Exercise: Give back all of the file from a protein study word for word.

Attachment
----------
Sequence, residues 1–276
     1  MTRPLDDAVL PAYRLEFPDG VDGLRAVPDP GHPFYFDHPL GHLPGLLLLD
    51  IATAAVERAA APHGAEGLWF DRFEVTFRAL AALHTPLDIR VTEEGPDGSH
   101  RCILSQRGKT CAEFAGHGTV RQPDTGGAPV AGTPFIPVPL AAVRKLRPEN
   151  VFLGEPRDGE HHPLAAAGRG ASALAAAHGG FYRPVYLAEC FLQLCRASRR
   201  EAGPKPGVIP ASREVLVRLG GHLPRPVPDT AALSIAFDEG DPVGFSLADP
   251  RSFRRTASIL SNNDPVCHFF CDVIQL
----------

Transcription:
Sequence, residues 1–276
     1  MTRPLDDAVL PAYRLEFPDG VDGLRAVPDP GHPFYFDHPL GHLPGLLLLD
    51  IATAAVERAA APHGAEGLWF DRFEVTFRAL AALHTPLDIR VTEEGPDGSH
   101  RCILSQRGKT CAEFAGHGTV RQPDTGGAPV AGTPFIPVPL AAVRKLRPEN
   151  VFLGEPRDGE HHPLAAAGRG ASALAAAHGG FYRPVYLAEC FLQLCRASRR
   201  EAGPKPGVIP ASREVLVRLG GHLPRPVPDT AALSIAFDEG DPVGFSLADP
   251  RSFRRTASIL SNNDPVCHFF CDVIQL